Check out this awesome experiment that shows how J J Thomson began proving the existence of the electron. Thomson did this in 1897, despite the notable difficulty of electrons being much, much too small to see. (Sadly, that's still true today. And we say we've made progress.) We'll tell you how this simple demonstration indicates the presence of electrons, and how Thomson proved it once and for all.
J J Thomson received the Nobel Prize in 1906 for his discovery of what he had originally called "corpuscles." At the time he didn't have the opportunity to call them anything else, since all he knew about them is they were much, much smaller than an atom, and could apparently travel around independently of the atom itself. We see that tendency to travel in the above experiment. Thomson and his associates spent a lot of time in 1897 playing around with tubes like the one in the video. On one end is a cathode — a negatively charged electrode. On the other is an anode — a positively charged electrode. Thomson and his contemporaries saw a glowing beam emitted from the tube when a difference in electric potential was applied.
The tubes that Thomson was working with were not perfect vacuums, but did have most of the gas inside them pumped out. What gas remained was often in the line of fire for the electrons. The electrons, streaming toward the anode, slammed into the atoms of gas, knocking more electrons off of them. The electrons continued towards the anode. Thomson and his colleagues noted that a magnetic field applied to the beam would bend it, just as the magnet bends the beam in the video. By flipping the magnet and they would flip the direction of the bend.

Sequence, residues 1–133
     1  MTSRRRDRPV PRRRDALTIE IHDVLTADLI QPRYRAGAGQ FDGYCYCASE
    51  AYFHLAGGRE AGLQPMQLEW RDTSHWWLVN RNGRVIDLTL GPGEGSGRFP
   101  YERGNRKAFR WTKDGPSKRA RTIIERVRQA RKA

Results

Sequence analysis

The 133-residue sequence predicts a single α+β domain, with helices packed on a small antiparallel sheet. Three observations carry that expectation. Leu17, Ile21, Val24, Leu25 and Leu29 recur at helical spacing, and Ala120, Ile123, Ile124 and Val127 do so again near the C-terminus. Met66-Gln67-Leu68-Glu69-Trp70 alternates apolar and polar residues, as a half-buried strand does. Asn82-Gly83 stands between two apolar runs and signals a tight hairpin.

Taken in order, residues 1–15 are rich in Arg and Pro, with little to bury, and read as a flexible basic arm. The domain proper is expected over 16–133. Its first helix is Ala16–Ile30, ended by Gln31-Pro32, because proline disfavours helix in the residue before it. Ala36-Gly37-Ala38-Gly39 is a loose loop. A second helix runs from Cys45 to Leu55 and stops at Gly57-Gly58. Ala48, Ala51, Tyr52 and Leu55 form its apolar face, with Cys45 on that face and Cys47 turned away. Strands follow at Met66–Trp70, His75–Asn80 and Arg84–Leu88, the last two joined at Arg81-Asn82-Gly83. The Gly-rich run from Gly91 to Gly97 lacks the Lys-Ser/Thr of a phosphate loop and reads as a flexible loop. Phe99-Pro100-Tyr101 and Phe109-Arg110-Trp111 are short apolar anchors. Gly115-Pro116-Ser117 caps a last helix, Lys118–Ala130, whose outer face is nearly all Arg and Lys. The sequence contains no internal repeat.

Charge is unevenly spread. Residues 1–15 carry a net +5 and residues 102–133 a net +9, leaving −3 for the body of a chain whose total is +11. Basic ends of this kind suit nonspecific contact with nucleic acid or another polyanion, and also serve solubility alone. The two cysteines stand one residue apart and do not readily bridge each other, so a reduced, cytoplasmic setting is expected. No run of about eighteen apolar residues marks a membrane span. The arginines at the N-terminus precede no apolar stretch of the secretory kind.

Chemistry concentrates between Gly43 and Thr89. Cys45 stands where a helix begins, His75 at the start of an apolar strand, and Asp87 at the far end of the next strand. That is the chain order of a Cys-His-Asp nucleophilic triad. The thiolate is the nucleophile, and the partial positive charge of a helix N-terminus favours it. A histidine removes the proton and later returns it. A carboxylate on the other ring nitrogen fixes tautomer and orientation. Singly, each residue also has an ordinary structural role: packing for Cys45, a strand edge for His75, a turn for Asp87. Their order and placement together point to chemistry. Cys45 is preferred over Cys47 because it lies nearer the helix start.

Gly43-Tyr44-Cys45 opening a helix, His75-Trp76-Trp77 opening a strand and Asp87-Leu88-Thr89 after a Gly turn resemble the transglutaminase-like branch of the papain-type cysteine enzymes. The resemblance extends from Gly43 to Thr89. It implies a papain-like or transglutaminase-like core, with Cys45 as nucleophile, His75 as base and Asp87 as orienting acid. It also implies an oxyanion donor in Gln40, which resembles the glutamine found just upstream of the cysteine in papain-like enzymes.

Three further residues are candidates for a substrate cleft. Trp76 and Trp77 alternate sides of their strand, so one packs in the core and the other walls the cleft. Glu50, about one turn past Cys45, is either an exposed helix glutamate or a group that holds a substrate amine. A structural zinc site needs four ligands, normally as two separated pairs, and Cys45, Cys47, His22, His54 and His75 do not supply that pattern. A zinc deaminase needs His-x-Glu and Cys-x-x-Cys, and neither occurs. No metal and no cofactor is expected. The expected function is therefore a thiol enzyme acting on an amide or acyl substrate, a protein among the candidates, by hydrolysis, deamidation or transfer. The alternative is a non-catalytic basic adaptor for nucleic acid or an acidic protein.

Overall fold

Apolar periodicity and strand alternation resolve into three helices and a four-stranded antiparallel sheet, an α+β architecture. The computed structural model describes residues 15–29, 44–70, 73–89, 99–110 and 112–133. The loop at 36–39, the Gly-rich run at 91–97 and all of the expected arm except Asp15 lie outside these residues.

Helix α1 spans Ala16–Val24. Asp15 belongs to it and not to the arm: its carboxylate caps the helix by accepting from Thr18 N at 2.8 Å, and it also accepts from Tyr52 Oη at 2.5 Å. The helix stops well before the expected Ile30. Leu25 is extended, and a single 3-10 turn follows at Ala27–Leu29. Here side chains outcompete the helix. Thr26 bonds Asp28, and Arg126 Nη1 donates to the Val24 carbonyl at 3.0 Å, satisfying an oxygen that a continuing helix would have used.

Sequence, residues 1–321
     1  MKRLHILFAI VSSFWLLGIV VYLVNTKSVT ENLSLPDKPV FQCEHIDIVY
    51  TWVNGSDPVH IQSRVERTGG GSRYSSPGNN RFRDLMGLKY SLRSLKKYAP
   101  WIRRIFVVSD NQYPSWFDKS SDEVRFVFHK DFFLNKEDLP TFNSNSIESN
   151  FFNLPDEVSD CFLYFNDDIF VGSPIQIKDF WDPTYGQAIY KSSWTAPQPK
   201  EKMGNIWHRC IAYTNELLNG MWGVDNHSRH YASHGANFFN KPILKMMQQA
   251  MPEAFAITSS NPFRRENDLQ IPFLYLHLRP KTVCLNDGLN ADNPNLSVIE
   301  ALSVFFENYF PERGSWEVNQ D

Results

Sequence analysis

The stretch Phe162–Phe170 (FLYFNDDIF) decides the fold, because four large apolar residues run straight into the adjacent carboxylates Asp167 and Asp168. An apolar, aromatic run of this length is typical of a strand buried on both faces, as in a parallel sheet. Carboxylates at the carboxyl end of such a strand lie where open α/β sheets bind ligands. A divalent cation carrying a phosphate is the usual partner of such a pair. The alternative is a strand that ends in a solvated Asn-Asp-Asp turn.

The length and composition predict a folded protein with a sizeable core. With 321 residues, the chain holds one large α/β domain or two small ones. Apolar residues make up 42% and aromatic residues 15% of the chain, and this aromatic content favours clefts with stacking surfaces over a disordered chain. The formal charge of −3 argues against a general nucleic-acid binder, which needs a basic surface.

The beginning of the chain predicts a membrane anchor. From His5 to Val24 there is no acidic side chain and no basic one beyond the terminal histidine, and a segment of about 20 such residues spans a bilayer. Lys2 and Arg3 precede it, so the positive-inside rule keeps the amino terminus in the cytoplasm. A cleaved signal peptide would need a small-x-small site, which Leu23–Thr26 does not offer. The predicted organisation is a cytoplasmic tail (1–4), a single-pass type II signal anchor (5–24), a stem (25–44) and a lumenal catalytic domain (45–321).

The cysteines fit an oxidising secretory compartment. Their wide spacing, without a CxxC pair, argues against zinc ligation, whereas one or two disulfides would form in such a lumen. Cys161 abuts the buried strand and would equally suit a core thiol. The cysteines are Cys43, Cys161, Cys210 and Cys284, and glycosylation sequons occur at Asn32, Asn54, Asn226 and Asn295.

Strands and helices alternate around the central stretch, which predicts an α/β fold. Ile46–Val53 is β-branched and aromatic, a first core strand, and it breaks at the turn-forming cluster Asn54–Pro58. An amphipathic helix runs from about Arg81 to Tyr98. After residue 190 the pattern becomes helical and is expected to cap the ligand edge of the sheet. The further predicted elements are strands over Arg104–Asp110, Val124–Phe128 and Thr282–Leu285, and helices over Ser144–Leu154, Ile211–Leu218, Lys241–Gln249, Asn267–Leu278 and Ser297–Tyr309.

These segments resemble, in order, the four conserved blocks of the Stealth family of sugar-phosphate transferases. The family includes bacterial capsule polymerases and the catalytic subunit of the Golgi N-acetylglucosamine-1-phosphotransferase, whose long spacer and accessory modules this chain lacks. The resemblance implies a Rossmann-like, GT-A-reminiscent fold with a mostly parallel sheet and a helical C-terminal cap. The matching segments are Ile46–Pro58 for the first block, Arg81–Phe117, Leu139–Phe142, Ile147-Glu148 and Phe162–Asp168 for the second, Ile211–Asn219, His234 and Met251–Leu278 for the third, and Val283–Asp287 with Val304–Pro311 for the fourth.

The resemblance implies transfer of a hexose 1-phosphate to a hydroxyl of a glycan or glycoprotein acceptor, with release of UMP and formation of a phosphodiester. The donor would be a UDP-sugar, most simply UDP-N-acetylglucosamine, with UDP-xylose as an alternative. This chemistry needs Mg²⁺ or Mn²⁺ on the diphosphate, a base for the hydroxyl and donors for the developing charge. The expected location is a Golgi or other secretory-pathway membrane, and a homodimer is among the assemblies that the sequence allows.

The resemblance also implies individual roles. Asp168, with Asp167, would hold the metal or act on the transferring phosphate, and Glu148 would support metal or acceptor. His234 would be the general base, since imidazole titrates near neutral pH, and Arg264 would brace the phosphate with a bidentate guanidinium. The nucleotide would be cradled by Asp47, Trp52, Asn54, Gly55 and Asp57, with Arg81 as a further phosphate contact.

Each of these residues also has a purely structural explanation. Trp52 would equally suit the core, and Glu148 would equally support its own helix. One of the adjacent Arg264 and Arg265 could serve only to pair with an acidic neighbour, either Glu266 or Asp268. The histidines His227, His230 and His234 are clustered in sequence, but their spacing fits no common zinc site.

To be fair, Thomson had to do more work than this to prove the existence of the electron. The vacuum in the tube is necessary in order to let the beam of electrons flow. The greater the vacuum, the more freely they move. Thompson and his contemporaries didn't have enough of a vacuum, and so the beam didn't seem to respond to an electric field placed across the stream of the beam. Thomson and his associates knew the beam should deform if it had an electromagnetic nature, and so assumed this was something different. It took more experimentation for Thomson to create a better vacuum and show the beam being deflected by an electric field. By experimenting with different strengths of electric fields, and observing the amount of deflection of the stream of electrons, Thomson was able to calculate the mass to charge ratio of the electron, and earned himself his Nobel.
Today we may not get a prize, but we do get a light show.